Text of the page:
Bell-Boeing Quadtiltrotor Completes First Wind Tunnel Testing
Defense Daily 10/13/2006
The Bell Helicopter Textron [TXT]- Boeing [BA] quadtiltrotor (QTR), the heavy lift variant of the team's V-22 Osprey, completed its initial wind tunnel testing last month to demonstrate the impact of the front rotor and weight on the rear rotors, a Bell official said.
The test was conducted using a one-fifth scale model of the QTR, Alan Ewing, QTR program manager for Bell, told reporters during a briefing Tuesday at the annual Association of U.S. Army conference in Washington D.C.
"Testing showed those loads from that vortex on the rear rotor [are the] same as the loads we see on the front [rotors]," he said.
Aeroelastic stability of the wing looks exactly the same as the conventional tiltrotor, Ewing added.
The Bell-Boeing team is providing the government with a lot of data on the QTR, he said.
In the current test, Bell-Boeing used a variant with a three-blade rotor. Ewing said in the next phase of tests they will use a four-blade rotor.
"We expect to see the same results," he added.
Bell-Boeing hopes to get to a first flight of the QTR in the 2012 time frame, Ewing noted.
He also told reporters that the Systems Design and Development phase for a Joint Heavy Lift (JHL) aircraft could take place around 2013 with low-rate initial production (Milestone C) occurring in 2020.
The team is also working on eight variations, or excursion designs, of the QTR that includes a sea basing variant.
A primary accomplishment in the last year for Bell-Boeing was the completion of the baseline aircraft and finishing seven of the eight excursion designs, Ewing added.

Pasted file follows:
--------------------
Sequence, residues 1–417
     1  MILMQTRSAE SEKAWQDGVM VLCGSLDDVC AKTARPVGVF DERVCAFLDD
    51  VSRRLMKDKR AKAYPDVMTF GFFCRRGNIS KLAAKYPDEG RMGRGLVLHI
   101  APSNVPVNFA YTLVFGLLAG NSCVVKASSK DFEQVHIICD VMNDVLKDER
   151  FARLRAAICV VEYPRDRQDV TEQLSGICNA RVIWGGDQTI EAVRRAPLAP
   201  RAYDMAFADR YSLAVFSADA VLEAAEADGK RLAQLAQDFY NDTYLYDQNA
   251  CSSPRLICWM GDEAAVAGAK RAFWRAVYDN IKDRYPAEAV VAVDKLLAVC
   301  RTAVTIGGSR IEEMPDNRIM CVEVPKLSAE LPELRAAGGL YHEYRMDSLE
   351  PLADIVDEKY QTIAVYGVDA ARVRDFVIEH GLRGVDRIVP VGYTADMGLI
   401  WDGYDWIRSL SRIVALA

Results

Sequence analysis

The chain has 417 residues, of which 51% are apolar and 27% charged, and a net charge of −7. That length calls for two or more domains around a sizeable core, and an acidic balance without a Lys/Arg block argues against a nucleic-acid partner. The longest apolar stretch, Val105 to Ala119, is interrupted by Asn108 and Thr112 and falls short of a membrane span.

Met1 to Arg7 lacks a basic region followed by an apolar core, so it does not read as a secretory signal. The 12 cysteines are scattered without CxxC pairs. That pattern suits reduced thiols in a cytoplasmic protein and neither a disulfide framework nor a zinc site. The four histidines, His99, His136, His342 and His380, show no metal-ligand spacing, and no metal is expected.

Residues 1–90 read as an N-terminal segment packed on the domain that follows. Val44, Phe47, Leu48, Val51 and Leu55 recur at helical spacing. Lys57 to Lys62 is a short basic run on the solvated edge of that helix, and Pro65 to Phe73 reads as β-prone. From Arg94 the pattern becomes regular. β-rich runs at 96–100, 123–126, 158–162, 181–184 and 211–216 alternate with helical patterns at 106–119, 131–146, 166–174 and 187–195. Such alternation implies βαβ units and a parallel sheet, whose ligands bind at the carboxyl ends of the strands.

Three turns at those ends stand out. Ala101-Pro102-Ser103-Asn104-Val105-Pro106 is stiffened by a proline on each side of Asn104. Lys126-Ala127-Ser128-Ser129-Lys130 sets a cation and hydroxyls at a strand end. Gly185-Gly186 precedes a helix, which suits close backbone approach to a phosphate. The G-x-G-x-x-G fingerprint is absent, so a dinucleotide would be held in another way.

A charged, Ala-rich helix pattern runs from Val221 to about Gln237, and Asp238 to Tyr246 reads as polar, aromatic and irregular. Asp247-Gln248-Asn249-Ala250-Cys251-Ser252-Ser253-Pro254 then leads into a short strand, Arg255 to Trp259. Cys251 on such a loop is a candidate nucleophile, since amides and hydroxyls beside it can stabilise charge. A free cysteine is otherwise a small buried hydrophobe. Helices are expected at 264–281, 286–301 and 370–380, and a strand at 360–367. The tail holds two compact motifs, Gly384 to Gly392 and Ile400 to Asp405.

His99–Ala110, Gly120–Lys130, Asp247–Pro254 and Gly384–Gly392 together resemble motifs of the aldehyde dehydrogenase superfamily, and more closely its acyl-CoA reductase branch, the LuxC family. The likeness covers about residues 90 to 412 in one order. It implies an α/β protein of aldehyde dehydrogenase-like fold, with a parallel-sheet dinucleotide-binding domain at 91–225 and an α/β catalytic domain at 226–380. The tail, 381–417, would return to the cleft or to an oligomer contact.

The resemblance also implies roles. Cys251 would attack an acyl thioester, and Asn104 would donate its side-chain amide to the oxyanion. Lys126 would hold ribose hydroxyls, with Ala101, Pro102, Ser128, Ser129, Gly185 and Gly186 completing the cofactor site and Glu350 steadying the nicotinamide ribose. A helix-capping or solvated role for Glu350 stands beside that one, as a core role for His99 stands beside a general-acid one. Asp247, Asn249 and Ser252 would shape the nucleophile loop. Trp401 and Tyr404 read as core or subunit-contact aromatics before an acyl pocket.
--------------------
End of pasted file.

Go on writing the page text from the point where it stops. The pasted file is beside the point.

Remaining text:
The nominal payloads span from 16 tons to 26 tons and the mission radius ranges from 210 nautical miles (nmi) to 500 nmi, he said.
Bell-Boeing is working under an 18-month, $3.4 million government funded effort to develop a QTR for JHL. The current effort ends in March '07, Ewing said.
Under the effort, everything that falls under the parameters of the fuselage belongs to Boeing. For example, avionics, crew cabin, crew station design and the landing gear. Bell is in charge of everything having to do with the wings, from engines to gear boxes, rotors, as well as total system integration, Ewing added.
The QTR's rear wings' size is determined by the clearance distance between the rotor diameter and the fuselage. There is 18 inches of clearance at the closest point, Ewing said. The rear wings are also set higher than the front wings to help minimize the effect from the front wing and rotor, he added.
The overall length of the fuselage is set by a desire to keep a minimum of 36 inches of separation between the front to rear rotors, Ewing said.
On the baseline QTR, the proprotor has a 50-foot diameter compared to 38 feet on the V-22.
The baseline version also has an aerial refueling probe. The probe is fully retractable, Ewing noted. "We saved a couple of square feet in drag by making it retractable."